How You Can Help¶
Everyone can contribute to the TYPO3 documentation and contributions are very much appreciated.
These are just examples to get you started. As a contributor, you are not restricted to this. If you can make useful improvements, do it! Some of the best contributions come from starting with something that bothers you the most.
Make Minor Changes¶
If you see a typo, a broken link, something is outdated or you can make improvements in any way, do not hesitate to click on “Edit on GitHub” and make the change yourself. See Workflow #1: “Edit on GitHub” for a walkthrough.
Review Pull Requests¶
– new, added August 10, 2019
Find an open pull request and review it.
Some pull requests make changes in documentation describing an aspect of TYPO3 you may know well. Help in this area is very much appreciated!
– new, added August 11, 2019
Often things can be conveyed more easily if visual aids like diagrams are used with the text.
You can create UML diagrams (such as class diagrams, sequence diagrams, etc.), cheat sheets or others.
Here are some examples:
- Check out sequence diagram on new page about request handling
- System Overview in “TYPO3 Explained” contains a diagram
See this issue for more information and a discussion.
Use for example the tool PlantUML to create UML diagrams.
Create Cheat Sheets¶
– new, added August 11, 2019
Look at the existing cheat sheets and check if they are up to date:
You can create further cheat sheets and add them to this list.
Replace Outdated Images¶
Replace outdated images, for example in the TSconfig Reference reference.
Look at Images for information about how to embed images with reST.
Add YouTube Videos¶
Add some new YouTube videos from the TYPO3 YouTube channel.
See Embed YouTube videos for information on how to do this.
– new, added August 9, 2019
Pick a manual and start reviewing it. If you find something that needs fixing or something is missing, either fix it or write an issue for it, if you cannot make the changes yourself.
Usually, there is one branch for each major TYPO3 version in a manual. Please focus your efforts mostly on the latest “master” branch, to get that up to date and ready!
You can for example start with:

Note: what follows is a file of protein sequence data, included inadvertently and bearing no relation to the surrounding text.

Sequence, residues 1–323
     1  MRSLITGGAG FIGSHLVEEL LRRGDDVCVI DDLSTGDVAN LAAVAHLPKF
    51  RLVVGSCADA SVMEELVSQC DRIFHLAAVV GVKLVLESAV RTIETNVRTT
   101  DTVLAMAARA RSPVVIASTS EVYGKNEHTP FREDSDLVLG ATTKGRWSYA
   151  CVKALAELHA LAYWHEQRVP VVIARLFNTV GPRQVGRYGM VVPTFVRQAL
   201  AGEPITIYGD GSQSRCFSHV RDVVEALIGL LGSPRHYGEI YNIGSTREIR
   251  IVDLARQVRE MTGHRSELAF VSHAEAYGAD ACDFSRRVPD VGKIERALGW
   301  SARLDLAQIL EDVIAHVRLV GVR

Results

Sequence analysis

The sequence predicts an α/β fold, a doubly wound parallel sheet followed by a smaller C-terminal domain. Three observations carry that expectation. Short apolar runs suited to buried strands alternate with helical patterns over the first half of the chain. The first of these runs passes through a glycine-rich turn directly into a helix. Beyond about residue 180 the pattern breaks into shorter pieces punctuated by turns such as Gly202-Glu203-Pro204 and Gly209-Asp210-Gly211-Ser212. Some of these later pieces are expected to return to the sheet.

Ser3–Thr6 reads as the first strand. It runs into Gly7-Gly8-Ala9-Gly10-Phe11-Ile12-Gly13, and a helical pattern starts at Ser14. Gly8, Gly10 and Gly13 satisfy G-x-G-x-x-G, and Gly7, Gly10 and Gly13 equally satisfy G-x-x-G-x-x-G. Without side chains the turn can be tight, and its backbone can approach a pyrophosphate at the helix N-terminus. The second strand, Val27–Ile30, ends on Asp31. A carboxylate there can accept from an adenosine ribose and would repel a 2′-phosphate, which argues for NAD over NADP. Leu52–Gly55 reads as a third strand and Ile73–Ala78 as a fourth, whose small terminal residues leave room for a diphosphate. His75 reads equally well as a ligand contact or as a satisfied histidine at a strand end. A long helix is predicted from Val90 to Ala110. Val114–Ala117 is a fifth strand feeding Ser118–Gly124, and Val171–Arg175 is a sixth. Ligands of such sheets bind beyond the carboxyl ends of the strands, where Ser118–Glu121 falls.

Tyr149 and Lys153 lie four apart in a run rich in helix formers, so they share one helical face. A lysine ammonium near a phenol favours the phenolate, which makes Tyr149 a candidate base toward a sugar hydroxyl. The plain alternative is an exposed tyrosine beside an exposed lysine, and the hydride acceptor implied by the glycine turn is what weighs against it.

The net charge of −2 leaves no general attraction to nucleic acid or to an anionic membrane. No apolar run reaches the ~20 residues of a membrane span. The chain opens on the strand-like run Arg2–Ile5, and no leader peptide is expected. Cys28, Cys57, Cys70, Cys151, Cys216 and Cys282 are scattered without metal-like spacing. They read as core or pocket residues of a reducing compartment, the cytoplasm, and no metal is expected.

- Developing TYPO3 Extensions with Extbase and Fluid : This currently needs some work in all branches. Check if the text is up to date and technically correct. Also, the text needs to be shortened in some parts and language improvements are necessary (grammar, style). For the master branch, you can check off this review list once you have started reviewing. This makes it easier for other reviewers to just skip the parts that are already ok.
- TYPO3 Explained: The same applies as for Developing TYPO3 Extensions with Extbase and Fluid except that “TYPO3 Explained” is generally in much better shape. Still, you can help by reviewing and checking off this review list
If you don’t have write access to a GitHub repository (which is usually the case if you just started), you cannot check off the checkmarks in the review list. In that case, just leave a comment in the issue.
Once you start and are confident that you can make progress, you may want to talk about your intentions in the #typo3-documentation Slack channel (as this is a bigger change). You can also mention if you need help (because reviewing an entire manual can be quite too much to do for one person).
You can check here to see the current review status of each manual:
If you are already familiar with the workflow, you can help others to get started. Whenever you are at a TYPO3 event (Sprint, Barcamp, etc.), on StackOverflow or in a Slack channel and someone finds something missing or a problem in the documentation, help them make the necessary changes themselves.
Thank others for their contributions (e.g. on Slack, Twitter or personally).
Spread the Word¶
Tell others about things in the documentation, that are new, that you found interesting or that helped you in any way.
Remind people, that everyone can contribute!
Pick a manual and start reviewing it.
If you find something that needs fixing or something is missing, either fix it or write an issue for it and add a warning.
More information: Guidelines for reviewing manuals
Blog About Your Contributions¶
Telling a real life story may help others to make the decision to contribute. It’s your story, so you decide what’s in it, but here are some ideas to get you started:
- What gave you the motivation to contribute?
- How did you benefit from contributing? For example, what did you learn?
- What advice can you give others?
Make Suggestions for New Content¶
Sometimes you can directly add content in a manual or create an issue for it.
But, what if you are not sure, where the new content should go or if it should be created at all?
If this is the case, either:
- Raise the question in the #typo3-documentation channel on Slack
- Or, add a comment with your suggestion to this general issue: What content is missing in the documentation?
Add Information from the ChangeLog¶
This is already being taken care of by the TYPO3 Core Team. For each release, the Changelogs are checked and official documentation is updated. This mostly concerns TYPO3 Explained and the references.
Regardless of this, if you find something missing, you can add it yourself. Or ask in Slack #typo3-documentation if you can help out.
Check spelling for consistency. For example, compare spelling of title and headlines to The TYPO3 Writing Style Guide on typo3.org.
Is spelling of proper nouns correct?